As we've previously mentioned, it is very important to decorate and place living plants in your community tank as it will aid in their environmental enrichment. Creating physical and social stimulation in their surroundings has been shown to help improve their quality of life and even help recover from physical or mental dysfunctions. Live plants also produce oxygen (O2) and absorb the carbon dioxide (CO2) and ammonia (NH3) that your fish generate. They also create food, such as algae and protozoa, for some of your aquatic animals. Other reasons for having live plants in your aquarium is so your fish have hiding areas where they can feel protected, and the fact that fish are more inclined to reproduce in tanks with appropriate settings. Some beginner-friendly live plants you can consider are:
- Marimo moss ball
- Java moss
- Java fern
- Water wisteria
If you want to read similar articles to 50+ Compatible Tank Mates for Betta Fish, we recommend you visit our What you need to know category.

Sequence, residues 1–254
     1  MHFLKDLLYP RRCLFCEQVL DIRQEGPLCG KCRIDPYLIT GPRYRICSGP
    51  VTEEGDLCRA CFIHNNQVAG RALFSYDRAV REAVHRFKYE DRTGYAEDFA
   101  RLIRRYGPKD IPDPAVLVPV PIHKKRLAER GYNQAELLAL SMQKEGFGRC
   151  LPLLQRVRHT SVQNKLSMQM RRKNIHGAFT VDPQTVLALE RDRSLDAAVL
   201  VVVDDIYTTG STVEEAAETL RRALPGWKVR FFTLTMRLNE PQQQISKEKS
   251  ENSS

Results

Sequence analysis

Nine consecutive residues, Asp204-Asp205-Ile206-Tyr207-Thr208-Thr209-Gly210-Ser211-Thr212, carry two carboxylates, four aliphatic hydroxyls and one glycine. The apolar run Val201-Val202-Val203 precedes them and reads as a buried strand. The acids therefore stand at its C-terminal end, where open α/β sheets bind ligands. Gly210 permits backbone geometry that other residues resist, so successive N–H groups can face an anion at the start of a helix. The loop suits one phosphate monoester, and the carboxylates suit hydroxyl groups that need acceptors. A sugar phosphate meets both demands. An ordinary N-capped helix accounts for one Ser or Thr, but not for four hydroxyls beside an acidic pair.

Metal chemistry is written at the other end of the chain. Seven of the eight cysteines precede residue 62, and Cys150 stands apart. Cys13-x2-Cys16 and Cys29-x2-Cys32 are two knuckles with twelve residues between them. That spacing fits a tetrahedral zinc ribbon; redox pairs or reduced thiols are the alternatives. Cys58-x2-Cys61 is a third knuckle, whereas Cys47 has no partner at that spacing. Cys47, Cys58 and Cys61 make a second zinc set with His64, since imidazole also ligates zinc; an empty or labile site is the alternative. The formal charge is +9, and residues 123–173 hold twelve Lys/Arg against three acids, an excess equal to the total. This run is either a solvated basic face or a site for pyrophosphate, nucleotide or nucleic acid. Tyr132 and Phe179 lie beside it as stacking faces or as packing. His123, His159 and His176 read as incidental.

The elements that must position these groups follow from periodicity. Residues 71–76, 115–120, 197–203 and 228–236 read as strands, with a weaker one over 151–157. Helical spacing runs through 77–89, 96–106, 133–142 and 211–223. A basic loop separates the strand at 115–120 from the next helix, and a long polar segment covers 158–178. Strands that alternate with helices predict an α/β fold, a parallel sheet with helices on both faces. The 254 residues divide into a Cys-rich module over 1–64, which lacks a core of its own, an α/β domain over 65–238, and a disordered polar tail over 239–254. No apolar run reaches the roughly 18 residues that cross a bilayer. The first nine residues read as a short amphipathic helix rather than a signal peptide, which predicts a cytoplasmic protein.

- Bettas are aggressive, territorial and unpredictive, so it's best to monitor their behavior
- Provide hiding spots, vegetation and decoration
- Make sure to research what each fish eats to provide the correct diet
- Avoid tank mates with bright colors and long fins
- Monitor new tank mates for at least 3 days to ensure they're well adjusted
- It is recommended to add a betta fish to a previously established community tank
- Select the correct size tank for the amount of fish in your community
- The Times. (2016). Benefits of Live Plants in a Home Aquarium. Retrieved on February 26, 2020, from
- Näslund, J. (2014). Environmental Enrichment For Fish in Captive Environments: Effects of Physical Structures and Substrates. In John Wiley & Sons, Fish and Fisheries (1-30). Swedish Research Council Formas. https://doi.org/10.1111/faf.12088